Education gives the child from a high-income family a great advantage. The federal government’s Panel Study of Income Dynamics showed the large economic gains that can be realized by completing high school, both in the level of wages earned and in the longer hours per week that a person will work.10) But family background accounts for at least half the variance in educational attainment.11) Students from intact families score more positively on all measures than do those from both step and single-parent families.12) Adolescents who do not live with both natural parents are at significantly greater risk of leaving high school before graduating.13) And the number of years of education received translates into a better first job and better jobs later at higher salaries.14)

3. Marriage, Work Ethic, and Income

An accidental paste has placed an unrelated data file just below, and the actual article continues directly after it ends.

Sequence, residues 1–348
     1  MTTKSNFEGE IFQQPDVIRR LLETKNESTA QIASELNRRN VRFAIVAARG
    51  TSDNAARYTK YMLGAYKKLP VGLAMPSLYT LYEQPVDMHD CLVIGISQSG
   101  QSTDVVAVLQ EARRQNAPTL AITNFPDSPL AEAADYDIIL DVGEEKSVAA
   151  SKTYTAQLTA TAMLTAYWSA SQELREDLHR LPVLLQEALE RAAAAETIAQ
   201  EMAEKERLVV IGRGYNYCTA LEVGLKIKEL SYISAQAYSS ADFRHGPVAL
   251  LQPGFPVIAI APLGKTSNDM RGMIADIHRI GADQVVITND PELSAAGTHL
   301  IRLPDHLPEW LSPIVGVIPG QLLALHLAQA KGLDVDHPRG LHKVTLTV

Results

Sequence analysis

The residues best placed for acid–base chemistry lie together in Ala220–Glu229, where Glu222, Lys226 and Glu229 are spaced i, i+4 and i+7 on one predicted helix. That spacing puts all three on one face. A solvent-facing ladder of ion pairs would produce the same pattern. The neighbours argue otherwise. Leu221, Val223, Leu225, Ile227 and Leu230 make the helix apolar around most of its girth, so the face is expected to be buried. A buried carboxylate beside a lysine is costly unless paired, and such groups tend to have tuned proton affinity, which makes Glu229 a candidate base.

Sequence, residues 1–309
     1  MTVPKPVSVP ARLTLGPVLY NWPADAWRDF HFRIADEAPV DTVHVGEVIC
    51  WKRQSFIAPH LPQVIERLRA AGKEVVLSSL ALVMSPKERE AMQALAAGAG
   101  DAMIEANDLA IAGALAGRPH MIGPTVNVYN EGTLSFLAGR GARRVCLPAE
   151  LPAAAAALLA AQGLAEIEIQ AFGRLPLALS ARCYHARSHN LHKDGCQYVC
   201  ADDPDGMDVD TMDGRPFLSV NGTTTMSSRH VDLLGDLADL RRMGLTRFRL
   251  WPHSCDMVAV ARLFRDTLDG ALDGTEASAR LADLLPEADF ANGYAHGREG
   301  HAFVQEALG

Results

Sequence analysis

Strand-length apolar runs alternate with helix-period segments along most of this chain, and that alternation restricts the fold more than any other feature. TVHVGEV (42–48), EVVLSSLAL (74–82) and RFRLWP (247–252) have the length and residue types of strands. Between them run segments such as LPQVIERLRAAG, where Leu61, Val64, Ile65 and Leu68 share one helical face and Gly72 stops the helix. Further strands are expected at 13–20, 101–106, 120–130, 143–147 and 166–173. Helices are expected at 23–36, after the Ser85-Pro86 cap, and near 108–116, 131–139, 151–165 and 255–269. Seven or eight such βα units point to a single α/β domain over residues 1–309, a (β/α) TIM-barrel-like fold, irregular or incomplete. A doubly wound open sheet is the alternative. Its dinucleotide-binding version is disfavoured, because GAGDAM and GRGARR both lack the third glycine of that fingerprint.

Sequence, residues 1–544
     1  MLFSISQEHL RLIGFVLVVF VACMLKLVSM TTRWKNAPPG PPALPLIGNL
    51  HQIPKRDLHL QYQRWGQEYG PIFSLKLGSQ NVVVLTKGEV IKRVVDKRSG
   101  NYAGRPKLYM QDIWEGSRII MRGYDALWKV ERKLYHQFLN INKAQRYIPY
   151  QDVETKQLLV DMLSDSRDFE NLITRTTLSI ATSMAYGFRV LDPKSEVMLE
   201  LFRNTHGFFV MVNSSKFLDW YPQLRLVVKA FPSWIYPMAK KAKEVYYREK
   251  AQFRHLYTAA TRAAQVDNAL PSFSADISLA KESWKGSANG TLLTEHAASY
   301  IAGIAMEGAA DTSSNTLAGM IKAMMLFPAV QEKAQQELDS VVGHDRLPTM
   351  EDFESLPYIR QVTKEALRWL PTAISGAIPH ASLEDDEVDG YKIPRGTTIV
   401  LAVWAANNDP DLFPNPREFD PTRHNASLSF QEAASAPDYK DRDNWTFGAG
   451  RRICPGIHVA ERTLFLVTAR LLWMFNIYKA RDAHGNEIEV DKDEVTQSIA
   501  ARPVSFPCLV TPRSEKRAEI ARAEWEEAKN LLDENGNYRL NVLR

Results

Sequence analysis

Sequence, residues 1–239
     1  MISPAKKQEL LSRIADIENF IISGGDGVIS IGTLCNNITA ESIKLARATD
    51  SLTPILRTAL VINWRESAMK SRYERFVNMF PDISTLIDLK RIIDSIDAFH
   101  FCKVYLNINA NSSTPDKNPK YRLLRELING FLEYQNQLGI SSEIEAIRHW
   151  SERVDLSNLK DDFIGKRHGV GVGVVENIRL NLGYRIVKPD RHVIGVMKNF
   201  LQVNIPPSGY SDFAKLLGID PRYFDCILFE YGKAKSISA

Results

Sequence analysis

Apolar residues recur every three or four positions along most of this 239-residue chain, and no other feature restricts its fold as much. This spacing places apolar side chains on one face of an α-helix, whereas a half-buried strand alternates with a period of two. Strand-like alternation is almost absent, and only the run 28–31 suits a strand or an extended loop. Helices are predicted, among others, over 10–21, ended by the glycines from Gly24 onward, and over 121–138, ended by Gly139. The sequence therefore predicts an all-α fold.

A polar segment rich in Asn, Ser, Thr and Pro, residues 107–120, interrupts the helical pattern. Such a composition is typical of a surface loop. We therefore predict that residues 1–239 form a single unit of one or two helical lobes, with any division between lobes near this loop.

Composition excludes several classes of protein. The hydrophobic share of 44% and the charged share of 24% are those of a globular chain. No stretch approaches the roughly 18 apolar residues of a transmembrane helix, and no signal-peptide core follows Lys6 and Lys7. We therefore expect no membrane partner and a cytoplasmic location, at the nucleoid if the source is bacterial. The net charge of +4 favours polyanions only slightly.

A significant portion of two-parent families have moved out of the poverty range because both parents work, which also increases—and in many cases doubles—the total number of hours worked within the household. Among America’s poor, there has been a significant shift in the number of hours worked per household, which indicates that much of the disparity in young men’s economic status is concentrated in the number of hours worked.

In 1960, nearly two-thirds of households in the bottom quintile of income were headed by individuals who worked—primarily married fathers. By 1991, this figure had fallen to around one third, and only 11 percent of these households were headed by someone who worked full-time throughout the year.